origins of color photography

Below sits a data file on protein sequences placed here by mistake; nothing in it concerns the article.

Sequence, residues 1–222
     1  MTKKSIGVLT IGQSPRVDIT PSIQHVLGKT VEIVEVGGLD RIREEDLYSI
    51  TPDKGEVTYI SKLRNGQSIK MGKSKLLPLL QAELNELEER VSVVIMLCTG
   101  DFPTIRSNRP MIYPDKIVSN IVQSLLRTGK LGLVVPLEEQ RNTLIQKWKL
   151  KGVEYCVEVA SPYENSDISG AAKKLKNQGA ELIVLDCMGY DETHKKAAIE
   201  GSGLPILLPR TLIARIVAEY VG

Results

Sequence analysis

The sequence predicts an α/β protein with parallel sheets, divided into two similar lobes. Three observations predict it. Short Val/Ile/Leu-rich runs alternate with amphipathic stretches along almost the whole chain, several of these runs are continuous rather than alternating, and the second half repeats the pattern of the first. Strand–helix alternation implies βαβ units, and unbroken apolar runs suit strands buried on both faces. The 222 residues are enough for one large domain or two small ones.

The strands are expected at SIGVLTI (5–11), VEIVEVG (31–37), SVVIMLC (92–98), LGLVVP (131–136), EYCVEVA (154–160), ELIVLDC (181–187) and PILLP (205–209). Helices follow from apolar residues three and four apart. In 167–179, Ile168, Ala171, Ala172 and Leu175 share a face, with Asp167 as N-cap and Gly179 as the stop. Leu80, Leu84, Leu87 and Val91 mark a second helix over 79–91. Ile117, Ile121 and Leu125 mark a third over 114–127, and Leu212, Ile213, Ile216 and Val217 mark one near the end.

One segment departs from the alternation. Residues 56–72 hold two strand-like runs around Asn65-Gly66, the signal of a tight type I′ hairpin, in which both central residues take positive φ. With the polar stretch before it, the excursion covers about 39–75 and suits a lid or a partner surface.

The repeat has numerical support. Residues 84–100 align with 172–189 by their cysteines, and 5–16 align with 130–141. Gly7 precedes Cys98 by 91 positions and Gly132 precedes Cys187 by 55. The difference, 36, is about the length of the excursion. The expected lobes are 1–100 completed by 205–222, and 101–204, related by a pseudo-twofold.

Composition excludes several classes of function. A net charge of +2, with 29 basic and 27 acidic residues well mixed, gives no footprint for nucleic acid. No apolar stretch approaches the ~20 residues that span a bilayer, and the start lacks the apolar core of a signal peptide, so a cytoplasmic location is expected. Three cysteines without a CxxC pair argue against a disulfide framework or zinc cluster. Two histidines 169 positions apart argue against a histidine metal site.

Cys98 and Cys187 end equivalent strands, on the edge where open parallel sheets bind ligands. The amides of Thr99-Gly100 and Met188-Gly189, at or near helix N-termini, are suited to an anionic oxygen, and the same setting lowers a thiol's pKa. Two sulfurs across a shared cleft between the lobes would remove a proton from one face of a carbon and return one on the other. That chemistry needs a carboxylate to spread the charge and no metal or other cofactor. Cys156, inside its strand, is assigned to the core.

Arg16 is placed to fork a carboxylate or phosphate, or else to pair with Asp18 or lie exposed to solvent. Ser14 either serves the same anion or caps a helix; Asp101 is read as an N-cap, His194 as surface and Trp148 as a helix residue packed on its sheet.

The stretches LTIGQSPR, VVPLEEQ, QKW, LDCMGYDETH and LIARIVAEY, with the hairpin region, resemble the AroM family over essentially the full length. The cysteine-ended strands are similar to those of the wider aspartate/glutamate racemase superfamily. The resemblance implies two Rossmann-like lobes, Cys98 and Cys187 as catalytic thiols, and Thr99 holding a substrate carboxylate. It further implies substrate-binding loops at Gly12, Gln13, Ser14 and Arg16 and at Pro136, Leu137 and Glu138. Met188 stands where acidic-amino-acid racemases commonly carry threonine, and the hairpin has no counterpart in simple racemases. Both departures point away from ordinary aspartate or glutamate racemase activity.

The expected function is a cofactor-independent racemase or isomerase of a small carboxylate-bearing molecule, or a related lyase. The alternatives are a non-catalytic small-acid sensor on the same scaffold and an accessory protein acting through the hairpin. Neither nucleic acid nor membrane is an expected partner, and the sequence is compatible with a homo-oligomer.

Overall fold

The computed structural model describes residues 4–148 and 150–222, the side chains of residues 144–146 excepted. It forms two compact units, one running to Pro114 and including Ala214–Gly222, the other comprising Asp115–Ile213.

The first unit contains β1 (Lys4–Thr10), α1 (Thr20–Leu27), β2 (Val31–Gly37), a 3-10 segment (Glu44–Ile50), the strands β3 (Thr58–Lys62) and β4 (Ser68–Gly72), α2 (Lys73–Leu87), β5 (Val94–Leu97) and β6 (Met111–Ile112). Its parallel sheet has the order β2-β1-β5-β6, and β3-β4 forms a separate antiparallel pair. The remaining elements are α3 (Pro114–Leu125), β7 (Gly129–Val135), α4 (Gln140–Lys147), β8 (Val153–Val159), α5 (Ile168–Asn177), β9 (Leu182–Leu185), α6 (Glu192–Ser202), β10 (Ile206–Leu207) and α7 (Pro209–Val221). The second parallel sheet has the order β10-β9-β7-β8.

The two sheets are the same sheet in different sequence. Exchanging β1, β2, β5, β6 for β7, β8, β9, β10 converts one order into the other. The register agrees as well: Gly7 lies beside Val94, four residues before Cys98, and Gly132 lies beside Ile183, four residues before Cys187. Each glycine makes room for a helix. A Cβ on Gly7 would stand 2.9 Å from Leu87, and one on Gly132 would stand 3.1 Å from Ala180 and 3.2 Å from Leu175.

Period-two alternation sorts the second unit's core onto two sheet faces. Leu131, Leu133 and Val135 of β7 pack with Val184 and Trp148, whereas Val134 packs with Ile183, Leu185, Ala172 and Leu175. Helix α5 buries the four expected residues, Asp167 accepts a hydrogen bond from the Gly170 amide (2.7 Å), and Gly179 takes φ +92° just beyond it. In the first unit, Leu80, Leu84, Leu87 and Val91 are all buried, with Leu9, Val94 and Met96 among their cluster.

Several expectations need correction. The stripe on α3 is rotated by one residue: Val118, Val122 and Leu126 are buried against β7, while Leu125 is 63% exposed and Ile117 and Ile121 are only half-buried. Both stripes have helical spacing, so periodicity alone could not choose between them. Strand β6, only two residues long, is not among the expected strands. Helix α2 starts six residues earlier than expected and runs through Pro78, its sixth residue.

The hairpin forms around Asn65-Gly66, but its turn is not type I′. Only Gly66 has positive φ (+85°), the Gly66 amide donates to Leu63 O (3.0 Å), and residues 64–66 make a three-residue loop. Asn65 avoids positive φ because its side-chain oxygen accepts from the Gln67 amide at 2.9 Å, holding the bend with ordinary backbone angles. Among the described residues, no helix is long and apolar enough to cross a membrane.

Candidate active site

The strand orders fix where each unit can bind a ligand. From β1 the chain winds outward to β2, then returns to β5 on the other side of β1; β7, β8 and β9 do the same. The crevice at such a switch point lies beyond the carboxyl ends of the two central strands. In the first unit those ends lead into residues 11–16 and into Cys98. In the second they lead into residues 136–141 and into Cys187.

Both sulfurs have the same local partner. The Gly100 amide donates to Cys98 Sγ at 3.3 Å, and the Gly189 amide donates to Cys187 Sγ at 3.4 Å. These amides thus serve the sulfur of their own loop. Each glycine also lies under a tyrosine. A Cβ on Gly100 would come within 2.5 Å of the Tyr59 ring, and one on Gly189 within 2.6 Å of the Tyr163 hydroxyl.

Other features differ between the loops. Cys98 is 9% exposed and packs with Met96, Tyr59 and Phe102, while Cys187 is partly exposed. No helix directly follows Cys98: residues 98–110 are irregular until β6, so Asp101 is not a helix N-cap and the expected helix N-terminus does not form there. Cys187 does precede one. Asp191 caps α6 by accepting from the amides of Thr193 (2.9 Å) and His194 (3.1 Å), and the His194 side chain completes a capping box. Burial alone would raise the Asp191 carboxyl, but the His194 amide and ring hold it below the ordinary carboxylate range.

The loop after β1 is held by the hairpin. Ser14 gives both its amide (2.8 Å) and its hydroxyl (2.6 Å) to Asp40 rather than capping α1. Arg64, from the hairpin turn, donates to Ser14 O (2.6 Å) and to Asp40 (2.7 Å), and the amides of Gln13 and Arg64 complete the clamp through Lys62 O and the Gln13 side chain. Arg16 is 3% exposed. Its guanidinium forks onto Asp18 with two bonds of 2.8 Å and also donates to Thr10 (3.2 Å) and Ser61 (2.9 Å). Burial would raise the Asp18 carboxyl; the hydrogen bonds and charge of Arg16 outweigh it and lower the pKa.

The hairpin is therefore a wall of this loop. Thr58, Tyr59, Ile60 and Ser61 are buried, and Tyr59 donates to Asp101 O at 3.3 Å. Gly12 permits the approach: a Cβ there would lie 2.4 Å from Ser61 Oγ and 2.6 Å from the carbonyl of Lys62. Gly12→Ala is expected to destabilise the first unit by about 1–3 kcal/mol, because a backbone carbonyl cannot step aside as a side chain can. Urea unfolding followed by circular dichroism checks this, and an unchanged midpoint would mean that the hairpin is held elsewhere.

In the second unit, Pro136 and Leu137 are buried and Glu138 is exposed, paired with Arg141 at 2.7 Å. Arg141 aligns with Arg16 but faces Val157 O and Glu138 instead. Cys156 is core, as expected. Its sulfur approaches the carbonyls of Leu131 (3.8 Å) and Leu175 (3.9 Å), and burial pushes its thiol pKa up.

Over the past few years, the art world has rediscovered color photographers–such as William Eggleston, Stephen Shore, and Joel Sternfeld–who, in the 1970s and early ’80s, helped push the medium from the confines of commercial magazines into the realm of high art. At first glance, the vivid depictions of American life in “Bound for Glory,” on view at the Library of Congress through November 26, might be mistaken for works by one of their contemporaries. Familiar scenes from the American vernacular abound–gas stations, bars, store fronts, churches, home interiors–all rendered in the characteristically rich hues of then-popular Kodachrome slide film. The images, however, are more than 60 years old, created between 1939 and 1943 by photographers working for the Farm Security Administration (FSA). Despite the establishment’s past condescension toward color photography, these pioneering works are anything but facile.

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